George Martin passed away a year ago today, aged 90. I remember being incredibly shocked and saddened by the news. Only the day before, I’d been talking to a friend about my admiration for him and how lucky we were to still have him around. The next day, he was gone. It was one of those horrible coincidences that sometimes happens.
Everyone knows that 2016 was a bad year for celebrity deaths. George Martin’s loss was one that hit me particularly hard, along with David Bowie and Alan Rickman. I loved him as a Beatles fan, but also as a fan of music and sound in general. George Martin was one of the key people who inspired me to start working with audio. He introduced me to its endless possibilities by continually pushing the boundaries in his work.
The ‘Fifth Beatle’ question is still being debated to this day, but I’ve always felt that George Martin deserves that title for his contributions to the band’s sound. Under his guidance they became more experimental, and he helped them do things that had previously seemed impossible. They were a match made in heaven.
John Lennon said, “George Martin made us what we were in the studio. He helped us develop a language to talk to other musicians.” When The Beatles first met him in 1962, they knew practically nothing about recording. By the time they’d stopped touring and focused all their energies on making albums, this had completely changed, and it was thanks to George Martin that they each developed the confidence to self-produce their music in their later careers. They learned it all from him.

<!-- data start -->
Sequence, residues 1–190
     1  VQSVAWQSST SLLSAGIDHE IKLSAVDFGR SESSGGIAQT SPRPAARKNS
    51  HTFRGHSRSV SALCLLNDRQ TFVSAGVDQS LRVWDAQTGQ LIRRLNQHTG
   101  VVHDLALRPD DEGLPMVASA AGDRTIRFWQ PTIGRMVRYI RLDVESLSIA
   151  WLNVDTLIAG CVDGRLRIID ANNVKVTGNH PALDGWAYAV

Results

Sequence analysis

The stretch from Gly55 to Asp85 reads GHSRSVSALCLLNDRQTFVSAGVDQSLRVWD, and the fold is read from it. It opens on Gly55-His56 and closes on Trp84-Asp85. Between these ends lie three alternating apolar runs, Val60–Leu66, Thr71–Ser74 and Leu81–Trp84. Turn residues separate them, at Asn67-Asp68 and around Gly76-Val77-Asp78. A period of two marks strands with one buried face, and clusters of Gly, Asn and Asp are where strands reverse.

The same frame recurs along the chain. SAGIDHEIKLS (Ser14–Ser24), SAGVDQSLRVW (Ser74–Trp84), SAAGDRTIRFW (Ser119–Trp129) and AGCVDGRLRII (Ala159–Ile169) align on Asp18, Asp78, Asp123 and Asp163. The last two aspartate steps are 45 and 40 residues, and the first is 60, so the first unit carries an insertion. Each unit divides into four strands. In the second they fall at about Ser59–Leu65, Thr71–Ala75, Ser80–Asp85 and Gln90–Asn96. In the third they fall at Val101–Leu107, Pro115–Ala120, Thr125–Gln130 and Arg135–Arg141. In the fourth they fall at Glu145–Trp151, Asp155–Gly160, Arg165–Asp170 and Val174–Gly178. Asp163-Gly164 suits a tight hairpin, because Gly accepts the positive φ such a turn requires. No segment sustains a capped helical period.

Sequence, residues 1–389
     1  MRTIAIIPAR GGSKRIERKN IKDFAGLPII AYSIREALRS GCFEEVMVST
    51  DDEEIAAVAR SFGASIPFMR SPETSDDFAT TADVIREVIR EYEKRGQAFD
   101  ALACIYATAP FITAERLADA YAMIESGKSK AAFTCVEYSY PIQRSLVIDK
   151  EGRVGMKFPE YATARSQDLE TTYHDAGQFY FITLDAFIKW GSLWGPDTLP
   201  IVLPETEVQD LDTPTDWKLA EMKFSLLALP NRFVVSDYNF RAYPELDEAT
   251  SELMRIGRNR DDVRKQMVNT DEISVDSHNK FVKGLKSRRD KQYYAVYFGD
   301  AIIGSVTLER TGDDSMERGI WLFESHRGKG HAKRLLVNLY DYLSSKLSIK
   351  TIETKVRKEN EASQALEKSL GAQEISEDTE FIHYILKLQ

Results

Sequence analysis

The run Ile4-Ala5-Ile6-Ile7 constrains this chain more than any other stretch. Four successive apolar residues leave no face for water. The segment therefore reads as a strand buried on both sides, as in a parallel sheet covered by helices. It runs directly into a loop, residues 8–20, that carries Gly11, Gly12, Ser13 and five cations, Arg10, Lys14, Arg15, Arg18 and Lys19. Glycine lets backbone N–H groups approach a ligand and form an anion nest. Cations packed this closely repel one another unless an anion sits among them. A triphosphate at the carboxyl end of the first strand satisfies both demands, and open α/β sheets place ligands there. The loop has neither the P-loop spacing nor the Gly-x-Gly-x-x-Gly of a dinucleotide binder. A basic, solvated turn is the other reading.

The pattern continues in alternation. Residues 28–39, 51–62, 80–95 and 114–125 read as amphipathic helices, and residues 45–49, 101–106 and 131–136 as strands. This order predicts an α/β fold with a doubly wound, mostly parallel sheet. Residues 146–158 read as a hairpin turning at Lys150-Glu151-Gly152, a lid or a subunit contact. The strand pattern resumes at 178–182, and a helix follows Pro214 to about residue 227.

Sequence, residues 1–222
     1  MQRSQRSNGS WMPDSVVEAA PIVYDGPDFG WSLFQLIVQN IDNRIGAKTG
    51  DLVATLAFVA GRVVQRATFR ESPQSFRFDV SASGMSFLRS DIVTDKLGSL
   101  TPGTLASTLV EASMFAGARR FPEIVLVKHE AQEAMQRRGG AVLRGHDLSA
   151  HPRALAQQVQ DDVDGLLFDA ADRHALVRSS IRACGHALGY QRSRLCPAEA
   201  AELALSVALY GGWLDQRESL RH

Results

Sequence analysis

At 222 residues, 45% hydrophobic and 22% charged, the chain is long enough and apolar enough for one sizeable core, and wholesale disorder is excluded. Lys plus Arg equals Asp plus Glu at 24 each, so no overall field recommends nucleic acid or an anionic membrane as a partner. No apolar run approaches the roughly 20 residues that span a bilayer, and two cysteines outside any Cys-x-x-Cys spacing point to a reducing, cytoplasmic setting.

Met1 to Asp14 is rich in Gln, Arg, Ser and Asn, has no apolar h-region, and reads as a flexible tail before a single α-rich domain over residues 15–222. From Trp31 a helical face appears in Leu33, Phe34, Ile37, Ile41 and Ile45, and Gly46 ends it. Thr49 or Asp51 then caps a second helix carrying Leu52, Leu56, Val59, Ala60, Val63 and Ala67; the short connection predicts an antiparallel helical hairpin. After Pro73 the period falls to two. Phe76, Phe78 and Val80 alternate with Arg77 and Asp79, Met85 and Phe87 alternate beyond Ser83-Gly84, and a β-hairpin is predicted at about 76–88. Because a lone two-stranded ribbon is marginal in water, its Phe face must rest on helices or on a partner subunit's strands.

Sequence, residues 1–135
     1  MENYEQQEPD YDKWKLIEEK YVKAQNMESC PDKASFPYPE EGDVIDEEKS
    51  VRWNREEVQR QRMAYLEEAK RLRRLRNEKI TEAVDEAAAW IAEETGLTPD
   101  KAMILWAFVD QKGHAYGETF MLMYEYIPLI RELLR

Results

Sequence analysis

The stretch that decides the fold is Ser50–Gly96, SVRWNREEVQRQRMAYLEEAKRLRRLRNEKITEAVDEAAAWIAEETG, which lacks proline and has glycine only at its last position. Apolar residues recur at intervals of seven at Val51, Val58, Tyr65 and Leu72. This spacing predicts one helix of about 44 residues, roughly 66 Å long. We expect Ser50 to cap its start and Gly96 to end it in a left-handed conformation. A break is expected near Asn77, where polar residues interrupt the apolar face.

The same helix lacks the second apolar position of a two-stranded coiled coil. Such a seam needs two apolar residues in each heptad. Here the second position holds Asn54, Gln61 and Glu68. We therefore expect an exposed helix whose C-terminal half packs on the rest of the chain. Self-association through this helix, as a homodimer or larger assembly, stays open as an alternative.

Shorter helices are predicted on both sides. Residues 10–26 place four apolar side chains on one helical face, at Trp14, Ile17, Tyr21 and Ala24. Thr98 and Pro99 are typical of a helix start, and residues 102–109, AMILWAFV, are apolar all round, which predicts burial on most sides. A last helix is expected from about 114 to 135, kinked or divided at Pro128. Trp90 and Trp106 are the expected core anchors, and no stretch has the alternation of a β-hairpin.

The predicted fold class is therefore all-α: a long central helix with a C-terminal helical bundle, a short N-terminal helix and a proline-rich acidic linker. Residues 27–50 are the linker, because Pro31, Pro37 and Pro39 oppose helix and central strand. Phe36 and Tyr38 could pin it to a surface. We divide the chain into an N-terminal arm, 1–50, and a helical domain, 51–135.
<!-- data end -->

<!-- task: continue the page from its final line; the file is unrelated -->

One of my favourite stories is about the recording of ‘Strawberry Fields Forever’. John Lennon was unable to decide between the two separate versions of the song they’d recorded, and he trusted Martin to come up with a solution — which he did. They were in different keys, so he sped up one version, slowed down the other and combined them. An absolute work of genius. The fact that John simply said, “You can fix it, George” showed just how much the band trusted him.
A few years ago, Martin remarked that people would still be listening to The Beatles in a hundred years’ time — but said that while they would still be around, he wouldn’t be. Of course, he meant that their music would outlive him, and indeed all of us. But if The Beatles are still around, then George Martin will be too. He’s earned his place in history just as much as they have.